How to Sell a Poison: The Rise, Fall, and Toxic Return of DDT
The story of an infamous poison that left toxic bodies and decimated wildlife in its wake is also a cautionary tale about how corporations stoke the flames of science denialism for profit.
The chemical compound DDT first earned fame during World War II by wiping out insects that caused disease and boosting Allied forces to victory. Americans granted it a hero’s homecoming, spraying it on everything from crops and livestock to cupboards and curtains. Then, in 1972, it was banned in the US. But decades after that, a cry arose to demand its return.
This is the sweeping narrative of generations of Americans who struggled to make sense of the notorious chemical’s risks and benefits. Historian Elena Conis follows DDT from postwar farms, factories, and suburban enclaves to the floors of Congress and tony social clubs, where industry barons met with Madison Avenue brain trusts to figure out how to sell the idea that a little poison in our food and bodies was nothing to worry about.
In an age of spreading misinformation on issues including pesticides, vaccines, and climate change, Conis shows that we need new ways of communicating about science—as a constantly evolving discipline, not an immutable collection of facts—before it’s too late.
Praise for How to Sell a Poison: The Rise, Fall, and Toxic Return of DDT
“Monumental…One of Conis’s greatest achievements is to put a human face on this science of risk.”—The New Republic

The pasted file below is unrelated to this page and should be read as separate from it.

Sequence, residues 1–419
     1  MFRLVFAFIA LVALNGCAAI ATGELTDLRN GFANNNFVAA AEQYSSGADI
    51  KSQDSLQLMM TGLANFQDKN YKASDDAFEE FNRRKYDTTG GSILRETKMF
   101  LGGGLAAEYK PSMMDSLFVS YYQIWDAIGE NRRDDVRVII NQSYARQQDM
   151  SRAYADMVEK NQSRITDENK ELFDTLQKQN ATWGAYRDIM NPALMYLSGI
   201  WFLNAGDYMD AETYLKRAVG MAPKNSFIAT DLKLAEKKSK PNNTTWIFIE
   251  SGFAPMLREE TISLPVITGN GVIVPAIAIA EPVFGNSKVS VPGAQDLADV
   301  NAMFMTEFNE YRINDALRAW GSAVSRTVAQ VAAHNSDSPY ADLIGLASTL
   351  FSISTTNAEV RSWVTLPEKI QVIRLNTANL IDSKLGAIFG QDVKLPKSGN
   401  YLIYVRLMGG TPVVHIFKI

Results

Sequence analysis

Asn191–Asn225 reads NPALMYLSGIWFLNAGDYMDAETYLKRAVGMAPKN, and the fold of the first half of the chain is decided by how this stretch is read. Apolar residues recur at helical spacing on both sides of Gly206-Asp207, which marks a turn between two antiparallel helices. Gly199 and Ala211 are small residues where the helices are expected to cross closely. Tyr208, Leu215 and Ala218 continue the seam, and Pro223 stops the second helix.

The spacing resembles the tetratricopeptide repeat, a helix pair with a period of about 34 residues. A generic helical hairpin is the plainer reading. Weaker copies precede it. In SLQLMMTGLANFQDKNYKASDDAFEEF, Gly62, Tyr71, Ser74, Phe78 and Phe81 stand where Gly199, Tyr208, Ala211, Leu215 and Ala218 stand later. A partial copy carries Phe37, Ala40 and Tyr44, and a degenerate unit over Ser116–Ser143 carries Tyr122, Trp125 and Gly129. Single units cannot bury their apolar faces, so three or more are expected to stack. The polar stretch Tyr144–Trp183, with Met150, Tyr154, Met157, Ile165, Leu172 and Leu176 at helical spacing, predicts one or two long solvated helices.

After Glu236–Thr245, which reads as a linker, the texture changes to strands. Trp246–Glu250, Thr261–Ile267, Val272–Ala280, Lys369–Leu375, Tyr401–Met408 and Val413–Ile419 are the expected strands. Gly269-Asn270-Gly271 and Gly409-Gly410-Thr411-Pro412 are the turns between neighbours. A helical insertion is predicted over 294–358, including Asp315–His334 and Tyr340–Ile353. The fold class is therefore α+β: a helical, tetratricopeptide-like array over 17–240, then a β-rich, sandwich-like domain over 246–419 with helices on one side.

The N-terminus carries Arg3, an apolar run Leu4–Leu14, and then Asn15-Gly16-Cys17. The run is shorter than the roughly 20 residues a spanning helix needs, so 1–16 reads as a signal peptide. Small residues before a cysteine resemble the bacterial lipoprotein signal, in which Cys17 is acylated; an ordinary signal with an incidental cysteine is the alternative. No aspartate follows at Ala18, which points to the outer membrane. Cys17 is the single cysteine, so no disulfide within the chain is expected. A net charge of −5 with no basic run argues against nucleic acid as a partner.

“How to Sell a Poison deepened my understanding of this chemical in unexpected ways… It’s a gripping examination of corporate influence over science — and how this tried-and-true playbook continues to manipulate public opinion today… Conis has a prescient way of framing the past so as to inform our future.”—Los Angeles Times
“Conis writes with a journalist’s clarity and remove, and a historian’s exacting fidelity to primary sources. She conveys her findings through narrative (more than through historical argument), with scenes rich in dialogue and description.”—Los Angeles Review of Books
“Rich in human narratives… How to Sell a Poison sounds a warning about how easily scientific understanding can be undermined by outside forces.”—Civil Eats
“The phrase ‘trust the science’ should be replaced with ‘understand how the science gets made.’ This deeply researched, beautifully written, and well-argued explanation of how DDT was sold, misregulated, and resold should scare everyone from the ardent scientist to the fearful conspiracy theorist into rethinking.”—Susan M. Reverby, author of Examining Tuskegee
“What Merchants of Doubt did for earlier campaigns of corporate disinformation, How to Sell a Poison does, superbly, for a toxin I thought we’d gotten rid of. Elena Conis’s fast-paced account is all the more important in an era when powerful forces are trying to discredit science.”
—Adam Hochschild, author of King Leopold's Ghost
“Elena Conis is a historian who writes nonfiction like a fiction writer. In elegant prose, she reveals the often forgotten and captivating history of how ordinary people discovered the dangers of DDT—and persisted in having it banned against all odds and despite false assurances of its safety from public health officials.”